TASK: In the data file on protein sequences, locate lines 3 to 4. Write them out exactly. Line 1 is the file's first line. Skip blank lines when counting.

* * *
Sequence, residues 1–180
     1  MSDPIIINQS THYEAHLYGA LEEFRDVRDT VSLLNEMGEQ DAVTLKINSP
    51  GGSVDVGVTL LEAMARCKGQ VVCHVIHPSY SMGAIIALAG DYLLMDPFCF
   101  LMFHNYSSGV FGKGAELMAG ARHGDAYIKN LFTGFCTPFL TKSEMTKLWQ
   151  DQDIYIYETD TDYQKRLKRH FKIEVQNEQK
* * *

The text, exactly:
    51  GGSVDVGVTL LEAMARCKGQ VVCHVIHPSY SMGAIIALAG DYLLMDPFCF
   101  LMFHNYSSGV FGKGAELMAG ARHGDAYIKN LFTGFCTPFL TKSEMTKLWQ